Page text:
AI and Jobs

Jobs and Artificial Intelligence a love story in the making

We at SwissCognitive believe that the rise of AI will lead to the creation of many interesting job opportunities. To highlight the possiblities new  technologies offer, we have launched a twitter campaign to show case over 200 jobs in the AI sector. Rounding off our campaign, this page provides you with interesting article around the topic of jobs and AI, as well as links to interesting rescources if you think about a change of pace in your job.

Artificial Intelligence Is Creating New And Unconventional Career Paths

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Would you consider a job as an “automation ethicist”? How about that of an “interactive chatbot designer”? Such funky-sounding job titles definitely will pique a listener’s curiosity at your next cocktail party. And such titles may soon be coming to an organization near you. The constellation of cognitive computing technologies emerging — artificial intelligence, machine learning, deep learning, natural language processing — requires a workforce of skills that can’t quite be imagined these days. Importantly, it may be opening a raft of new career opportunities.

At the recent Salesforce confab in New York, AI was top of mind, especially in regards to the continuing enhancement of the company’s Einstein analytics capability. However, with this bunch, the preferred term for AI was augmented intelligence — versus artificial intelligence.

This distinction makes a lot of sense, because, contrary to the fears that AI and its related technologies will be taking over the work of the world, it likely means something very different is unfolding. That is, AI is expanding and amplifying human capabilities.


What does this mean for jobs in the months and years ahead? Likely, two things. Business professionals will see new avenues of innovation opening up, while technology professionals will see new fields of endeavor as demand for AI-related skills grows.

A recent analysis of job demand by LinkedIn finds machine learning engineer leading the list of skills in demand. It’s fair to say that other jobs on this list — including data scientist (#2), sales development manager (#3), and customer success managers (#4) are also occupations that will flourish as a result of access to AI platforms and insights.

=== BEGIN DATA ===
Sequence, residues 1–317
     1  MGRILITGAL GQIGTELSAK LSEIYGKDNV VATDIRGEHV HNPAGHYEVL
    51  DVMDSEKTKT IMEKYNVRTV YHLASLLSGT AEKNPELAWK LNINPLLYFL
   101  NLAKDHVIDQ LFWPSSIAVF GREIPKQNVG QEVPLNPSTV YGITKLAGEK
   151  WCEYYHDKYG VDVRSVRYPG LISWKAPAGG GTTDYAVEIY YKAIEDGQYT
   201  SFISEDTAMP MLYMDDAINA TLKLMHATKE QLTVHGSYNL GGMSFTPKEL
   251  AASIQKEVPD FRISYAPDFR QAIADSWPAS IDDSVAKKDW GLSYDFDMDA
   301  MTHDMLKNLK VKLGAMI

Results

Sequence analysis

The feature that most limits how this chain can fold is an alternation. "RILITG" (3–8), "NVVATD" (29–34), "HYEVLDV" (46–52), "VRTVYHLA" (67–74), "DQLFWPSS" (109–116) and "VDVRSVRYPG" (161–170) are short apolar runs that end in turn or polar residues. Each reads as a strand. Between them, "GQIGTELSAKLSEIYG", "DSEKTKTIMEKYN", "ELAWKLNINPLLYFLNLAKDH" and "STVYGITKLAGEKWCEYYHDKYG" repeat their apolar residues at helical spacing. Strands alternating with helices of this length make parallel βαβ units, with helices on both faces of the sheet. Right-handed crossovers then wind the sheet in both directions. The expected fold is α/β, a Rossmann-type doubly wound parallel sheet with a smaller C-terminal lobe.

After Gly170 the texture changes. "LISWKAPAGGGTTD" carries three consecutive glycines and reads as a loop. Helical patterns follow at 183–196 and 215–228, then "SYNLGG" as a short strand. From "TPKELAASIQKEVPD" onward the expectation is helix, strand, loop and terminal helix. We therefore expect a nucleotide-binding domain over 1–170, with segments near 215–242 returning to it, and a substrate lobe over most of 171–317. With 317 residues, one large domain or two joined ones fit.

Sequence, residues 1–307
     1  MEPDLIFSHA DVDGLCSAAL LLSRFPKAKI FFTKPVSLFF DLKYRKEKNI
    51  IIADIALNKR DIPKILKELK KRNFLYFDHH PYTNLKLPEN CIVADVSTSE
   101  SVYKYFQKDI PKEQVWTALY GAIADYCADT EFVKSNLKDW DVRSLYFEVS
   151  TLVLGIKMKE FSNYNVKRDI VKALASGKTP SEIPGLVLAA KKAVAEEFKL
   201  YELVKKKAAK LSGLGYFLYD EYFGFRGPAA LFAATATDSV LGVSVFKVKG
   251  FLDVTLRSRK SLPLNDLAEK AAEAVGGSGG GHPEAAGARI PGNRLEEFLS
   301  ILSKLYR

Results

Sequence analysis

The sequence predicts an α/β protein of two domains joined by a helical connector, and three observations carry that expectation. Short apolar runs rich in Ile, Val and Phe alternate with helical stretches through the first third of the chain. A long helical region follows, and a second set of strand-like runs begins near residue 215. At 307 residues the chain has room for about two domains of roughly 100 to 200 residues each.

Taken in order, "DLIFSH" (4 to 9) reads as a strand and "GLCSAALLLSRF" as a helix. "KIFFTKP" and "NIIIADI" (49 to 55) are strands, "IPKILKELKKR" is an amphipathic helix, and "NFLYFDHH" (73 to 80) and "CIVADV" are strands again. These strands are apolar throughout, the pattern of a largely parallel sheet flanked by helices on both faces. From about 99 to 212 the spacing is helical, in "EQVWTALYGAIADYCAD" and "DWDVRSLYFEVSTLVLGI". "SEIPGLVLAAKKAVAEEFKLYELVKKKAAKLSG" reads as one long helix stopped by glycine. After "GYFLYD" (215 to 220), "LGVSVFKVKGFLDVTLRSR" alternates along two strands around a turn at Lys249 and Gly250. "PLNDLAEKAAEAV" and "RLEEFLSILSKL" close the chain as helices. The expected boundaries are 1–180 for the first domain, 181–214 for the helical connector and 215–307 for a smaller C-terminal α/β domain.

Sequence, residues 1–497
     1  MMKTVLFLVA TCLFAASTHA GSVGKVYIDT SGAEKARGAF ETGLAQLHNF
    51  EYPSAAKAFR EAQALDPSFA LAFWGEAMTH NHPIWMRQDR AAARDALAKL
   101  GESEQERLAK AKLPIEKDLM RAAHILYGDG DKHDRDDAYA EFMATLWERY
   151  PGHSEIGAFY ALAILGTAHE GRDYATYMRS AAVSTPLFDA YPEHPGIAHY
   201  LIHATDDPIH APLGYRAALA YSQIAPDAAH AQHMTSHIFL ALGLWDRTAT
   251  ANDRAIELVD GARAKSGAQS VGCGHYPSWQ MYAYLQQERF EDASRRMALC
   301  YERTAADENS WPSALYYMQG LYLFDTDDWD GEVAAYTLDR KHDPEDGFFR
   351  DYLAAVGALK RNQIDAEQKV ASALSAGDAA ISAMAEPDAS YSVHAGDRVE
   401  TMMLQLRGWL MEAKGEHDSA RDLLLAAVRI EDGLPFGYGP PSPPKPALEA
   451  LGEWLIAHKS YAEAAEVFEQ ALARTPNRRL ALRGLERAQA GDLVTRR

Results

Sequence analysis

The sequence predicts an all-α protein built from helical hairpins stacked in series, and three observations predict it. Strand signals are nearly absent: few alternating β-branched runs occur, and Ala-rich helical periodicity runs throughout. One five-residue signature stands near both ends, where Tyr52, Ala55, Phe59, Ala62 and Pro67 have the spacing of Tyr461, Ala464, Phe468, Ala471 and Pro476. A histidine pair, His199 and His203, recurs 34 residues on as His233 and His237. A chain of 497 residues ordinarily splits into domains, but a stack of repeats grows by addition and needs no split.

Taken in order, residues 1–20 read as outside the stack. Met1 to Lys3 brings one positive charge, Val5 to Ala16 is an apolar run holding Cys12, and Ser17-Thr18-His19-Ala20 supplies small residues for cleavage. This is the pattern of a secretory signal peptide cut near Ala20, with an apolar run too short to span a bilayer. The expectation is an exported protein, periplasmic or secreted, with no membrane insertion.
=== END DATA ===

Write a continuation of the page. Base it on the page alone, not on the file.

Gartner sees a great deal of opportunity in AI, predicting that within the next two to three years, AI “will create more jobs than it eliminates.” The consultancy even pegs some actual numbers to its prediction: 2.3 million jobs created by 2020, versus 1.8 million lost. The industries that will see the most gains are healthcare, the public sector and education, while manufacturing will see some job losses due to AI.

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Why we are still convinced robots will take our jobs despite the evidence

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The tale of new technologies causing the death of work is the prophecy that keeps on giving. Despite evidence to the contrary, we still view technological change today as being more rapid and dramatic in its consequences than ever before.

The mistaken view that robots will take our jobs may come from a human bias to believe that “we live in special times”. An absence of knowledge of history, the greater intensity of feeling about events which we experience first-hand, and perhaps a desire to attribute significance to the times in which we live, all contribute to this bias.

In the 1930s, John Maynard Keynes envisaged that innovations such as electricity would produce a world where people spent most of their time on leisure activities. In the United States in the 1960s, Lyndon Johnson established a Presidential Commission to investigate fears that automation was permanently reducing the amount of work available. Australia has not escaped the prophecy, with similar concerns about the future of work expressed in the 1970s. In their history of Monash University, Graeme Davison and Kate Murphy report that:

In 1978, the historian Ian Turner, organised a symposium on the implications of the new technologies. The world, he predicted, was about to enter a period as significant as the Neolithic or Industrial revolutions. By 1988, at least a quarter of the Australian workforce would be made redundant by technological change…

Some years later, Barry Jones continued the gloomy forecasts in his best-seller Sleepers Wake!:

In the 1980s, new technologies can decimate the labour force in the goods producing sectors of the economy…

Of course, none of this came to pass in Australia; just as work did not disappear in the 1930s in the United Kingdom, or the 1960s in the United States.

Yet today, we are seeing the resurrection of the prophecy. Commentary on the Australian labour market abounds with claims that the world of work is undergoing radical and unprecedented change.

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